Federal Judge Says Same-Sex Married Partners Should Be Listed on Ohio Death Certificates

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An amendment to Ohio's constitution passed by voters in 2004 bans same-sex marriage. And the state doesn't recognize same-sex unions formed in other states.

But two men who married same-sex partners elsewhere asked in their suit to be named on their spouses' Ohio death certificates.

Judge Timothy Black ruled that denying the plaintiffs this because they were in same-sex marriages would violate their right to equal protection under the law.

Constitutional law professor Jonathan Entin at Case Western Reserve University says though this was a narrow ruling, it could have broader ramifications if used in future lawsuits.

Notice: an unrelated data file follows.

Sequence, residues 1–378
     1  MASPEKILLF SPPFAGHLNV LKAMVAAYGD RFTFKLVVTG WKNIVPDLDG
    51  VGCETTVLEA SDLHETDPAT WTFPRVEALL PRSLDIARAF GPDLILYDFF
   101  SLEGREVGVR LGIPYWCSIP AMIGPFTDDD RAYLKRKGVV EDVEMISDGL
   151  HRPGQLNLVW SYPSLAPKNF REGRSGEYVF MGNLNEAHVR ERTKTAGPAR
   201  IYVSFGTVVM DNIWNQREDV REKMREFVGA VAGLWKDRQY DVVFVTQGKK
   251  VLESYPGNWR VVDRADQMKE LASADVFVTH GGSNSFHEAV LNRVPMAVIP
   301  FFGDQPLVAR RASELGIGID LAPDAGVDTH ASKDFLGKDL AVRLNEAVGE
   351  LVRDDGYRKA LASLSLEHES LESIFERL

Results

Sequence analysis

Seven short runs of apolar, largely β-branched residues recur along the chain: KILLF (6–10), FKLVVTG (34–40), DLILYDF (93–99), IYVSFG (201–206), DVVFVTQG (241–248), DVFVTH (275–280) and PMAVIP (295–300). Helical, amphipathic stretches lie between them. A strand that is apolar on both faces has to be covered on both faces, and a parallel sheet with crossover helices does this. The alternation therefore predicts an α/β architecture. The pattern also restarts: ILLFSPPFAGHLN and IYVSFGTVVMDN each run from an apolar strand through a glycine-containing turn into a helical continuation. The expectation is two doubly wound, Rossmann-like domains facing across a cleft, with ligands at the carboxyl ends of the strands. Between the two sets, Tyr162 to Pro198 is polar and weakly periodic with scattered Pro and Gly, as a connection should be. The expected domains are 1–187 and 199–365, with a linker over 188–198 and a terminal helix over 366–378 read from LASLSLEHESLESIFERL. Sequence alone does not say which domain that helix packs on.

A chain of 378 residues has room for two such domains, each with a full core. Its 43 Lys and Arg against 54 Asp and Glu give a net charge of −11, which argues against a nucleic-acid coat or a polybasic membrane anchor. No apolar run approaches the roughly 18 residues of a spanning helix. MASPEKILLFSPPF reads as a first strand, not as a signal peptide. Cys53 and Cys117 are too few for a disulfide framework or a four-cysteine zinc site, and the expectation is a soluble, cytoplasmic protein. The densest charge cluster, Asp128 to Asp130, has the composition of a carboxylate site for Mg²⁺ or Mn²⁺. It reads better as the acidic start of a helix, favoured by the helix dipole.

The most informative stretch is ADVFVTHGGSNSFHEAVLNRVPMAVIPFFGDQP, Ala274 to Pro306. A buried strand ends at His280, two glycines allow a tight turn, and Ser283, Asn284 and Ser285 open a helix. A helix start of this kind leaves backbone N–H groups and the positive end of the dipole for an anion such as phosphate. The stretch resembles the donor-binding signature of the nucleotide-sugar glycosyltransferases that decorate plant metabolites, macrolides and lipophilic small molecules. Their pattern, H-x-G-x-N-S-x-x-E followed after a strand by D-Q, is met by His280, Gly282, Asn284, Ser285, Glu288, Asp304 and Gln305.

"There is language in Judge Black's opinion that a plaintiff might use down the road to challenge other policies in Ohio that would deny recognition of out-of-state same-sex marriages involving people who now live in Ohio," Entin said.

But Entin says it's probably less likely this ruling would be used directly to chip away at Ohio's ban on same-sex partners marrying in the state.

In the ruling, Judge Black acknowledges the arguments and evidence presented could be used in broader challenges of Ohio law.

Ohio Attorney General Mike DeWine plans to appeal the decision.

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